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Anxiety, depression? Blame it on pressure to be get-at-able 24/7 online

You may want to rethink how your kids use social media as a new study has revealed that the pressure to be constantly available and respond 24/7 on online accounts can cause depression, anxiety and reduce sleep quality for teenagers.

The researchers, Heather Cleland Woods and Holly Scott of the University of Glasgow, provided questionnaires for 467 teenagers regarding their overall and night-time specific social media use.

A further set of tests measured sleep quality, self-esteem, anxiety, depression and emotional investment in social media which relates to the pressure felt to be available 24/7 and the anxiety around, for example, not responding immediately to texts or posts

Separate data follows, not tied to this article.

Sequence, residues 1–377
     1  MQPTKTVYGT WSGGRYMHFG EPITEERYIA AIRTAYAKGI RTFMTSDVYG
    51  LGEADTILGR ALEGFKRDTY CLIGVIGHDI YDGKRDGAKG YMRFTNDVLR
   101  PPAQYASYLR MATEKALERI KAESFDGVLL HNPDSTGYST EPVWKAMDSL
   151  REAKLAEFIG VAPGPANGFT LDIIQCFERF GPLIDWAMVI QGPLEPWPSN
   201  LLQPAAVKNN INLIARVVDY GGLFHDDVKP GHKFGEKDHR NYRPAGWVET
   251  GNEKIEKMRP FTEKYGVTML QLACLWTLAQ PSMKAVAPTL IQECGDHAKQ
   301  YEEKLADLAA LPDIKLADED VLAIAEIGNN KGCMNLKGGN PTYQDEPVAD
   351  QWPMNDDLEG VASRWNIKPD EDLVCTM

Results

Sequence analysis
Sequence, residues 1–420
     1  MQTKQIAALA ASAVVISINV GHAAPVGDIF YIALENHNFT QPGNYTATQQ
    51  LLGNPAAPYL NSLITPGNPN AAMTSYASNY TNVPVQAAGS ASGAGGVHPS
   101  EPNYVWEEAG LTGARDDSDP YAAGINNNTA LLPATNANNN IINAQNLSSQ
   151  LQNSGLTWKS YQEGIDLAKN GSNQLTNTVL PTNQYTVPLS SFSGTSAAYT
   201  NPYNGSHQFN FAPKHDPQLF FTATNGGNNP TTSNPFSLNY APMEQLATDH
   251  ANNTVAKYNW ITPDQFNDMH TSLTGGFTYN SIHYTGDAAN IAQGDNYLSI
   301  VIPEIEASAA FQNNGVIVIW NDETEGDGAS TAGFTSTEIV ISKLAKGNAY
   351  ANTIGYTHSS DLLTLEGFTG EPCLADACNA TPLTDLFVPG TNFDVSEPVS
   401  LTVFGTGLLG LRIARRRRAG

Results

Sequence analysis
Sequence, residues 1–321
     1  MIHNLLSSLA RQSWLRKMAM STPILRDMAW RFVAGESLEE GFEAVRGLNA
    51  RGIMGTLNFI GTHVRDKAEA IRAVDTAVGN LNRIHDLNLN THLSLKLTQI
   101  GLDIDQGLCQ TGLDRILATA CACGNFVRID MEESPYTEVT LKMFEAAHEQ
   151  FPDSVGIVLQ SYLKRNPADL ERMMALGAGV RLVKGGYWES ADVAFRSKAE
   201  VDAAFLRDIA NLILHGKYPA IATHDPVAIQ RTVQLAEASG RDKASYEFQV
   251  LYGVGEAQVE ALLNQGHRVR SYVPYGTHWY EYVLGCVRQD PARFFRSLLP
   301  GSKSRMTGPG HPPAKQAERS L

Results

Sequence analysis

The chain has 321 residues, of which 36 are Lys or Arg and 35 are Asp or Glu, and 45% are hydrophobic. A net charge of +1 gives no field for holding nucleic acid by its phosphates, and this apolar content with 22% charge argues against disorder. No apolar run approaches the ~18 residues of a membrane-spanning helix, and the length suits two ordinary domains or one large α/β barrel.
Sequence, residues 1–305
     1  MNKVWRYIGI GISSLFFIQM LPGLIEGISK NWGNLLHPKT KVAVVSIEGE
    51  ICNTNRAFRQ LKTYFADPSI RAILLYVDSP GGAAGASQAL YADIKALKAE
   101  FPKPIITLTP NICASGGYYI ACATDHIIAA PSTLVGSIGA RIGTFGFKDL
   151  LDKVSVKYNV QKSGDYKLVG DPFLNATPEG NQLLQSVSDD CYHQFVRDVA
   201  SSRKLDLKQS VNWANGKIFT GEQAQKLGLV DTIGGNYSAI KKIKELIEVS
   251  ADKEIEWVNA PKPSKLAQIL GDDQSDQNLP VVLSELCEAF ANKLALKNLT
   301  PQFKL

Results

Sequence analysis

Lead researcher Cleland Woods explained that evidence is increasingly supporting a link between social media use and wellbeing, particularly during adolescence, but the causes of this are unclear.

Analysis showed that overall and night-time specific social media use along with emotional investment were related to poorer sleep quality, lower self-esteem as well as higher anxiety and depression levels.

Cleland Woods added that while overall social media use impacts on sleep quality, those who log on at night appear to be particularly affected. This may be mostly true of individuals who are highly emotionally invested. This means people have to think about how their kids use social media, in relation to time for switching off.

The study is presented at the BPS Developmental and Social Psychology Section annual conference taking place from the 9 to 11 September at The Palace Hotel in Manchester.